For the tenth anniversary of International Wheelchair Day on Thursday 1 March, national charity The British Polio Fellowship is marking the positive impact the wheelchair has had on the lives of members, but also repeating its call for greater accessibility. With it comes a lightweight foldable power wheelchair ideal for those who have had Polio and now have Post Polio Syndrome (PPS), as well as other neurological conditions and accessibility issues. Since 2008 International Wheelchair Day has been marked from Africa to Australia, from the UK to theUSA. Thousands of the charity’s members paralysed by Polio have relied on wheelchairs for independence and increasingly more need a wheelchair thanks to the onset of PPS, which affects 120,000 UK Polio survivors. While some people with PPS can walk, the debilitating nature of the condition means many could benefit from a wheelchair, but may not be eligible for a NHS chair or be able to afford the one that’s right for them.
“The wheelchair has been transforming the lives of members for 80 years but there are people with specific needs, with limited mobility, who for various reasons, may not be entitled to an NHS wheelchair,” said Head of Support Services at The British Polio Fellowship, Ahmad Butt. “BPF Trading was launched to address this problem and for this year’s International Wheelchair Day, A lightweight folding wheelchair, SQPC07A (the hedgehog) is now available for our members, and also others with similar neurological conditions who could benefit.” The charity continues to campaign on accessibility rights after a spate of accessibility issues for members in 2017. A flexible wheelchair is part of a twin approach of pressing for changes in attitudes, while developing in tandem the next generation of assistive technologies. “This wheelchair is not intended to compete with or replace NHS solutions,” added Ahmad.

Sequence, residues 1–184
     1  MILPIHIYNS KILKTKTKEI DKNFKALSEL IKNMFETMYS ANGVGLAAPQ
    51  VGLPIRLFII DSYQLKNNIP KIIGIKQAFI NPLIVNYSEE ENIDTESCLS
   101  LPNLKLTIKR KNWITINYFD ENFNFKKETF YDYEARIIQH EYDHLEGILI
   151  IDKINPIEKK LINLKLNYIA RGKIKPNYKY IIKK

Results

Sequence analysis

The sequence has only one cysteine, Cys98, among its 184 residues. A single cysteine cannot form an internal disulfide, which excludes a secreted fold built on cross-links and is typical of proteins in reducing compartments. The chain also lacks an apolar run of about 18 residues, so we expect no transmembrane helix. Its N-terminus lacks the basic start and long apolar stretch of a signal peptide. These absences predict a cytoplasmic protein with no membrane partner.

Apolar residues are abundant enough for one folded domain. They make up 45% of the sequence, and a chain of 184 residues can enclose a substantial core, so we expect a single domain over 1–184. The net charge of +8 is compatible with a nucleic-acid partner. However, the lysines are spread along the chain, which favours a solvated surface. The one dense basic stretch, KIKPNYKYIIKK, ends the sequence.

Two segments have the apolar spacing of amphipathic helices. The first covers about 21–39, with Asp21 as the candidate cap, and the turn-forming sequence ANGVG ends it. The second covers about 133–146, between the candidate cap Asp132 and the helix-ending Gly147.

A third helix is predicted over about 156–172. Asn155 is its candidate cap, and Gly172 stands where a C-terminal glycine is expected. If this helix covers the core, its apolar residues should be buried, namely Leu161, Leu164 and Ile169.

“But rather to deliver a mobility boost to a sadly neglected group with in an appropriate, lightweight andaffordable package. On 1 March, we are remembering the millions who could benefit from a wheelchair and why it matters. Limited mobility is a big factor in the loneliness crisis we face and a lightweight motorised wheelchair can transform lives,” concluded Ahmad. For more details on The British Polio Fellowship, visitwww.britishpolio.org.uk